William D. Hopkins, PhD, who has worked with chimpanzees and bonobos for nearly 30 years, takes a multidisciplinary approach to studying human evolution, particularly the evolution of human language. Through the study of nonhuman primates, the Hopkins lab is increasing our understanding of the roles that behavior, laterality, neuroanatomy, cellular organization and cortical function may have played in the evolution of human language.
Dr. Hopkins’ studies are focused on the documentation of functional asymmetries in nonhuman primates. This includes assessments of handedness, visual-half field studies and behavioral studies of facial expressions. The second line of behavioral research in chimpanzees is focused on gestural and vocal communication, particularly the functional use of communicative signals in chimpanzees. In addition, the lab has completed studies in chimpanzees using positron emission tomography (PET) to localize the motor hand area in this species and to explore the areas of the brain involved in the production of chimpanzee vocal and gestural communication.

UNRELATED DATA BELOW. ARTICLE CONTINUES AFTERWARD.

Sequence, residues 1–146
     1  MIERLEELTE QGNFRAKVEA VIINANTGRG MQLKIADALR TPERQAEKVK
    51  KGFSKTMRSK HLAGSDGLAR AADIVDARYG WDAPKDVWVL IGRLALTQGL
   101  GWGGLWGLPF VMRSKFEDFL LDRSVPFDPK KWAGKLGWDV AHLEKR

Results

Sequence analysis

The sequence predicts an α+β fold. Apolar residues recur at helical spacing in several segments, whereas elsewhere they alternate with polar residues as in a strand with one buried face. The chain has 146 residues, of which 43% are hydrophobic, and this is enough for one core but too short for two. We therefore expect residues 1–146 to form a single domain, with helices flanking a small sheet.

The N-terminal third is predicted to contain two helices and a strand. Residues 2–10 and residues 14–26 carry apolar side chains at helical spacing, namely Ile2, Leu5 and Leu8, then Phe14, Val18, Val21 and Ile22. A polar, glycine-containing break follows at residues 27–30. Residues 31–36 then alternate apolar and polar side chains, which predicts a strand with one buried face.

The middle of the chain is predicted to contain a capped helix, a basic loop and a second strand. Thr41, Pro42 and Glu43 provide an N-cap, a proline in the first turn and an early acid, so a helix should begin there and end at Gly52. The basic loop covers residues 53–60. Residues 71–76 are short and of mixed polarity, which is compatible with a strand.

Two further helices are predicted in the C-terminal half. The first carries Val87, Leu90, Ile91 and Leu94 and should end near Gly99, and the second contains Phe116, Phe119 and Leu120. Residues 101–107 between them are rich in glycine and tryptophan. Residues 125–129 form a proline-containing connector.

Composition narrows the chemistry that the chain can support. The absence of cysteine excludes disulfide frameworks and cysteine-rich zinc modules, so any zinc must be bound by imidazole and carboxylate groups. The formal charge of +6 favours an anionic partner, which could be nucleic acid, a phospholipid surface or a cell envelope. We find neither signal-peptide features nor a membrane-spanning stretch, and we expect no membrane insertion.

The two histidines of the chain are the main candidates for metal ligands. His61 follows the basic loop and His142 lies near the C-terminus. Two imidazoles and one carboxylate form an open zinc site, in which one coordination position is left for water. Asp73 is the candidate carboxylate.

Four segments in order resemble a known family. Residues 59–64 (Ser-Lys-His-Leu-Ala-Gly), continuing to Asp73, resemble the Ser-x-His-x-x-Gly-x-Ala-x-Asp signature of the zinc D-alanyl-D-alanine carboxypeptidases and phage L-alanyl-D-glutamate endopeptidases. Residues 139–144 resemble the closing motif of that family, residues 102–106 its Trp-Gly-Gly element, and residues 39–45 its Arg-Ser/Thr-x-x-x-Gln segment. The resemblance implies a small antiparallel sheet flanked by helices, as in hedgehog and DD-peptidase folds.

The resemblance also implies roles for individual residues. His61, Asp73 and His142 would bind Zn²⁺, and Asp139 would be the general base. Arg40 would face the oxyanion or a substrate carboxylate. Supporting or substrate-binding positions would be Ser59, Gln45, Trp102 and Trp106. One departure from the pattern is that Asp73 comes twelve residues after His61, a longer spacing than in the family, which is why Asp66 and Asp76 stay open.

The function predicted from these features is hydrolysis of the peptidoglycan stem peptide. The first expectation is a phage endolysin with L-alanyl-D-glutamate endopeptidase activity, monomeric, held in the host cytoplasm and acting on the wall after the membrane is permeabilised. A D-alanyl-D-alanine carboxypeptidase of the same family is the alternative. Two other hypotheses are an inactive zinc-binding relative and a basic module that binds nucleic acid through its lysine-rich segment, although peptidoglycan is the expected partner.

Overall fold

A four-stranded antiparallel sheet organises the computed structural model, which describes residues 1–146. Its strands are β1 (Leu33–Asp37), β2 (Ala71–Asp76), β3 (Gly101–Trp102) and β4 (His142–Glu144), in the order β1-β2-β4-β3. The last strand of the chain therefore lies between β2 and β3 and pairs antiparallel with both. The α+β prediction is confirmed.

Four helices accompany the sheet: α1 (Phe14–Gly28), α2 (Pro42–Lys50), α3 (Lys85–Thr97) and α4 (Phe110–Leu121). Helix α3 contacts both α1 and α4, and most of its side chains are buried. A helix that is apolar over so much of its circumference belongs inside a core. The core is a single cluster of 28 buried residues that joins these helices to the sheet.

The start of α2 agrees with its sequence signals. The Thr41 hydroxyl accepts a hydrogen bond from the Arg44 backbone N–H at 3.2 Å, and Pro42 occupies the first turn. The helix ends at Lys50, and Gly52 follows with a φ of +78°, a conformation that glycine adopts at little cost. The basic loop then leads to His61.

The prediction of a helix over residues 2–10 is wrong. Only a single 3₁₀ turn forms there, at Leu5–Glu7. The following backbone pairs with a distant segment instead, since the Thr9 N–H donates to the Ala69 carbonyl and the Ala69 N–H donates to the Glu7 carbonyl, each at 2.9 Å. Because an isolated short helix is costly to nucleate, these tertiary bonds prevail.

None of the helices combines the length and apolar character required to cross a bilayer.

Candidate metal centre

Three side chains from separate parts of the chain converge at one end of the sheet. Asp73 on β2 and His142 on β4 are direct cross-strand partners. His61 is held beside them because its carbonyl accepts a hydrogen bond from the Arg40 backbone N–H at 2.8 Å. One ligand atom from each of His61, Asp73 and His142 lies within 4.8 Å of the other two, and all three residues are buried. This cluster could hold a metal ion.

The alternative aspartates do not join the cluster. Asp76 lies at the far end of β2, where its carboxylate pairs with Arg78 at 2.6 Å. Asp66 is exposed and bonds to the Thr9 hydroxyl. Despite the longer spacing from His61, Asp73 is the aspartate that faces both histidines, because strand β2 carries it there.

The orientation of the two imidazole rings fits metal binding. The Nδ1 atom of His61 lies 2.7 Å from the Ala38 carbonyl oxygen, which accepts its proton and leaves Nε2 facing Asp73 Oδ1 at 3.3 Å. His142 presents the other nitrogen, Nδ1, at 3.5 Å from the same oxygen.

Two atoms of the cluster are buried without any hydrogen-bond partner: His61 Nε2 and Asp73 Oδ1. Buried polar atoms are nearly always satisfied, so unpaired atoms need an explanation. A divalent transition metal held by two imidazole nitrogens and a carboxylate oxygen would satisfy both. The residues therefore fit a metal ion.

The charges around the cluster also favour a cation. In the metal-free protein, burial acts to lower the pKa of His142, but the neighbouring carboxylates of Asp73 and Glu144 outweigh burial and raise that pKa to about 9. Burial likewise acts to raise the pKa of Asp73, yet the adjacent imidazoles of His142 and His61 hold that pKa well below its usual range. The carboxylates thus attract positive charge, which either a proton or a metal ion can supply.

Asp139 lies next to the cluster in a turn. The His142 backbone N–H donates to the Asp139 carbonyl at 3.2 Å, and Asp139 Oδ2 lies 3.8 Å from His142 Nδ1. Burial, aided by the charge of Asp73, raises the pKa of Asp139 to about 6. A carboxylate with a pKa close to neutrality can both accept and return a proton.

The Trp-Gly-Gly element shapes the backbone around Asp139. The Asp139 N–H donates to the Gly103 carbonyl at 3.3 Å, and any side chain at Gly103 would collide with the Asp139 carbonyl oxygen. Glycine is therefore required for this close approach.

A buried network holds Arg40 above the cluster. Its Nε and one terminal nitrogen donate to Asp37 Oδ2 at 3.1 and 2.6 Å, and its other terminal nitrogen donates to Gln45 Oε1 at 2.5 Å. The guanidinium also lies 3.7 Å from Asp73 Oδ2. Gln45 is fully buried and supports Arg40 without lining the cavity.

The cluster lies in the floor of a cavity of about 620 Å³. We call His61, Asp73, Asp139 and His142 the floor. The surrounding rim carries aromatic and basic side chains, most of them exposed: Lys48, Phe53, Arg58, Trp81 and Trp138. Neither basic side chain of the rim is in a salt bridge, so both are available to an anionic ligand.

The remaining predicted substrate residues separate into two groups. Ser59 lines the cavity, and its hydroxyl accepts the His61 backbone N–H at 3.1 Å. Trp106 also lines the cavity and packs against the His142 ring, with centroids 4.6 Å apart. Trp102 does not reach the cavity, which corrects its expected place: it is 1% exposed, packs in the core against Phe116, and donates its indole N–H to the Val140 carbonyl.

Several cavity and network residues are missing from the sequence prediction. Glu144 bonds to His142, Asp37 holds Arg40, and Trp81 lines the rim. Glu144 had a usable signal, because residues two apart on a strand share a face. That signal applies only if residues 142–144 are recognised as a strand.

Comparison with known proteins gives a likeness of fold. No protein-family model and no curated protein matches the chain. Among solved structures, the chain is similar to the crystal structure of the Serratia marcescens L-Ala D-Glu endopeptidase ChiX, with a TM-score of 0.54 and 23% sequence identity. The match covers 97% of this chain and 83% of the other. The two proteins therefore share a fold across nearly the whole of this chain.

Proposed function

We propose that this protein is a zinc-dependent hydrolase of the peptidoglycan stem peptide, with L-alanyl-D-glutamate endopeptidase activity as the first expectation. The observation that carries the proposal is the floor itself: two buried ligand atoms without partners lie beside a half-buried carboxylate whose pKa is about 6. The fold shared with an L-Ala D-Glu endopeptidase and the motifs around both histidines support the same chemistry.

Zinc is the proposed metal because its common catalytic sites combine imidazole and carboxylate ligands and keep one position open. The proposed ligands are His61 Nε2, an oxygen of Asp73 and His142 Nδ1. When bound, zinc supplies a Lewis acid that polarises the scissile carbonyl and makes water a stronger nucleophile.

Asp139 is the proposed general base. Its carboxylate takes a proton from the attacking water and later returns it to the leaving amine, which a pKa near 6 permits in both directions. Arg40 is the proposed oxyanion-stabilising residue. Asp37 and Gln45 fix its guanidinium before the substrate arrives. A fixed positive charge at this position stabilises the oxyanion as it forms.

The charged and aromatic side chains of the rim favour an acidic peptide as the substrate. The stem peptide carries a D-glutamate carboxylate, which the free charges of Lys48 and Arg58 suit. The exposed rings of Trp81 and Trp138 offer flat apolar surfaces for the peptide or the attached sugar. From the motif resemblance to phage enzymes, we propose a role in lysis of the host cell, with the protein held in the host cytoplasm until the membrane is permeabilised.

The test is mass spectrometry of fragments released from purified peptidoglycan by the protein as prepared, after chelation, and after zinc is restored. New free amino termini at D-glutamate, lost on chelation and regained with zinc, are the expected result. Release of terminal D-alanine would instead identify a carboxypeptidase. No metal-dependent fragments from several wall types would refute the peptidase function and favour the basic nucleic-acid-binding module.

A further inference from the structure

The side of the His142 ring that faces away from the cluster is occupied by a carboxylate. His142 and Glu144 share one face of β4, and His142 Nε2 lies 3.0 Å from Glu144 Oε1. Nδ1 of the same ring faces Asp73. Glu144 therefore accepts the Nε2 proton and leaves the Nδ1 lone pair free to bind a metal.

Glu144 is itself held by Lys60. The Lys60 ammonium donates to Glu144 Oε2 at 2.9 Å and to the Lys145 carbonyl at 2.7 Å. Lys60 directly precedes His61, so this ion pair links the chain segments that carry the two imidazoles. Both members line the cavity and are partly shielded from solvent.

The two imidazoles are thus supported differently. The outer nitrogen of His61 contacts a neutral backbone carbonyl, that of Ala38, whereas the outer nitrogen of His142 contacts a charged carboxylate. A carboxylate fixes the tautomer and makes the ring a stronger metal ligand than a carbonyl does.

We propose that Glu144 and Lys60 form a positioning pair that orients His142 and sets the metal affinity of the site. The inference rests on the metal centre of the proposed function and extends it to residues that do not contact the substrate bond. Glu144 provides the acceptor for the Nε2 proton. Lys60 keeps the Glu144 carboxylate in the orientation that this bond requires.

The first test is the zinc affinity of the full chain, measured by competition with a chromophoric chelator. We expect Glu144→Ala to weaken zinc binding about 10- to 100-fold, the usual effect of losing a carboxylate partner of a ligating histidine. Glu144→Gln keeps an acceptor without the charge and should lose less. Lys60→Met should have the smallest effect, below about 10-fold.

Earlier this year, Dr. Hopkins was named Science Director at the Iowa Primate Learning Sanctuary (IPLS) in Des Moines. In information released to the media, the IPLS said the addition of Dr. Hopkins and his colleague Dr. Jared Taglialatella of Kennesaw State University will spur a reinvigoration of the cognitive and behavioral research at the primate research facility. "I am honored to be asked to oversee the research program of such a valuable and important population of great apes," said Hopkins.
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